What Bush should do next: run for Congress
He's in the perfect spot to be effective there.
George W. Bush is in the perfect spot to set an example for all our ex-presidents.Skip to next paragraph
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Come Jan. 20, he'll be an ex-chief executive of the United States. That's a nice addition to the CV, but where do you go from there? Especially if your job performance has been subpar recently.
Well, if he's looking for a role model to help him restore his image after he leaves office, he should look beyond Bill Clinton and Jimmy Carter. The former is still active on the world stage, promoting his Clinton Global Initiative roadshow, while the latter continues to pump out books and perform good deeds.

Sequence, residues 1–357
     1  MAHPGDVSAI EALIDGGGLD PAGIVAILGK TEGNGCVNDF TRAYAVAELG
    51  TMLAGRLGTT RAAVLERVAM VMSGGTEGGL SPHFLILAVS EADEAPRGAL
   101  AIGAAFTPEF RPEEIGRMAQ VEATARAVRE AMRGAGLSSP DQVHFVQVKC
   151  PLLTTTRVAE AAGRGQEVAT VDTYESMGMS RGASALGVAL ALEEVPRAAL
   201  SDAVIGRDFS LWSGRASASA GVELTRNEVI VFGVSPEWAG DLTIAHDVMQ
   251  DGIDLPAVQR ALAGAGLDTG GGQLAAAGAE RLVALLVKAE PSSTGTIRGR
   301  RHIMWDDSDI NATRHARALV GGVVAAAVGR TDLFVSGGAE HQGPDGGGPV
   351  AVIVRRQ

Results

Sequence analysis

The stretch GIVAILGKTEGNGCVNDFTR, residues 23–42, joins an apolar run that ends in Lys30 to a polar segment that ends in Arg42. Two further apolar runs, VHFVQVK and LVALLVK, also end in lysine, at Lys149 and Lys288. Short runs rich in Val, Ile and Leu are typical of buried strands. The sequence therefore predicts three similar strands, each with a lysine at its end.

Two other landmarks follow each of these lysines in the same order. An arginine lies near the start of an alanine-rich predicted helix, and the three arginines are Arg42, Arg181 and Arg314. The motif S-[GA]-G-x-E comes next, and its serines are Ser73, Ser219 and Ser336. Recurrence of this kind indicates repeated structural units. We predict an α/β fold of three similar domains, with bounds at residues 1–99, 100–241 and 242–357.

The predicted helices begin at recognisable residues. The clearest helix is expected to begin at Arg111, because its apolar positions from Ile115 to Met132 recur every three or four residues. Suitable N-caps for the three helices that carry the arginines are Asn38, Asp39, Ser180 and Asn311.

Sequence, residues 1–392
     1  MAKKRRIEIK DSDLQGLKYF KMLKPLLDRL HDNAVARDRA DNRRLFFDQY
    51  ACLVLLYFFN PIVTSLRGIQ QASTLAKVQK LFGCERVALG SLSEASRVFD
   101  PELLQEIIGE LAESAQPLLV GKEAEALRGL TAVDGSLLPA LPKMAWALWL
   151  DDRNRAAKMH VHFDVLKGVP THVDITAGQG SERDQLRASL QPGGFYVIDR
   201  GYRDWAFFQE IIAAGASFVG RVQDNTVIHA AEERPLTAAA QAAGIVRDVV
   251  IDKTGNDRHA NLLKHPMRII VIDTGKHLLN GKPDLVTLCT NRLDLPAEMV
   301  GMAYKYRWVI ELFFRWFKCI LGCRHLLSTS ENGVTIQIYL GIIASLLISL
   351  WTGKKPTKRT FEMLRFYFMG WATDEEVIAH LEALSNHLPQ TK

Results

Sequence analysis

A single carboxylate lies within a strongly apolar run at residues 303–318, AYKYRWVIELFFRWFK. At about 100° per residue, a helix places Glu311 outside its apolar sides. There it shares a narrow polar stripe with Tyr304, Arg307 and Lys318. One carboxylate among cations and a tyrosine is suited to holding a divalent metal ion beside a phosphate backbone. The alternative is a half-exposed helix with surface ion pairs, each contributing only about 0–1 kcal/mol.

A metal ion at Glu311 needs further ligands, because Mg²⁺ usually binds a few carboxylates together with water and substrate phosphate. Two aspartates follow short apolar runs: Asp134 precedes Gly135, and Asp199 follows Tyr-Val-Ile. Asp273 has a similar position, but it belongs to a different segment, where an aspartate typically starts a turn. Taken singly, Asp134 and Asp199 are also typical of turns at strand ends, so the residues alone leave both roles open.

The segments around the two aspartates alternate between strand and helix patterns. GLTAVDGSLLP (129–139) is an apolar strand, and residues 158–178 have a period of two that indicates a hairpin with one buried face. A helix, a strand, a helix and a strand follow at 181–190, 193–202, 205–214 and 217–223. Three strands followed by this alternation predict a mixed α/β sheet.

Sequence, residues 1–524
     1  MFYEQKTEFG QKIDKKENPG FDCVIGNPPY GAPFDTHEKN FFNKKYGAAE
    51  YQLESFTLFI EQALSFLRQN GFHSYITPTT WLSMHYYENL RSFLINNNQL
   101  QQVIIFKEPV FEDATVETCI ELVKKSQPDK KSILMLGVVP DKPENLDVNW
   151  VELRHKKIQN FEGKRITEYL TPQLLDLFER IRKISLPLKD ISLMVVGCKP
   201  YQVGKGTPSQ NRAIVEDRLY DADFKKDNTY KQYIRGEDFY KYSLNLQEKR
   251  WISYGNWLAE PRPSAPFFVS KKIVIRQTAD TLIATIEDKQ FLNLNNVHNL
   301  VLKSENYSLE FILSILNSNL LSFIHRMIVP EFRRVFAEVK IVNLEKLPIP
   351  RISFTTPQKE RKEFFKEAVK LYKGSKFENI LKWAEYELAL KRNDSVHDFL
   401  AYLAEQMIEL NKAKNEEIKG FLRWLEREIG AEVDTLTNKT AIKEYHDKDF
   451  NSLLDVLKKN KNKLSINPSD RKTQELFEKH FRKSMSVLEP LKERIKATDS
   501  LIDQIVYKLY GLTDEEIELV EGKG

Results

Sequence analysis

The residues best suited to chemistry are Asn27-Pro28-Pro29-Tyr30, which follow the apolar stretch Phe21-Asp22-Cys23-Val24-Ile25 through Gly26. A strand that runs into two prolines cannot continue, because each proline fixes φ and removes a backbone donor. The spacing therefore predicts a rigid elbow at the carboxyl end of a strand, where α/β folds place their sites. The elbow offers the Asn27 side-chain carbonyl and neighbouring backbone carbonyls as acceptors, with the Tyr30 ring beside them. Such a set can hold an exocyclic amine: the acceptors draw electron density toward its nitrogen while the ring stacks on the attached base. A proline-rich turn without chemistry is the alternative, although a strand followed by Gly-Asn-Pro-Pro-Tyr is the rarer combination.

Like Bush, Adams was born with an unquestioned sense of family entitlement. His father, John Adams, helped draft the Declaration of Independence and served with Thomas Jefferson and George Washington in the First Continental Congress. The elder Adams was also posted to Europe as a special envoy of the Revolutionary American government and went on to become the second president of the United States in 1797.
Also like Bush, due to his father's extraordinary career, John Quincy Adams divided much of his youth between cities. For Adams it was Paris; Amsterdam; St. Petersburg, Russia; and London. The experience served him well when he returned to the US. And in 1824 he was elected as the sixth US president. Though Bush's prepresidential experience was pretty much confined to Texas, the two still have a lot in common.
So where's the lesson for our latter-day Bush in this?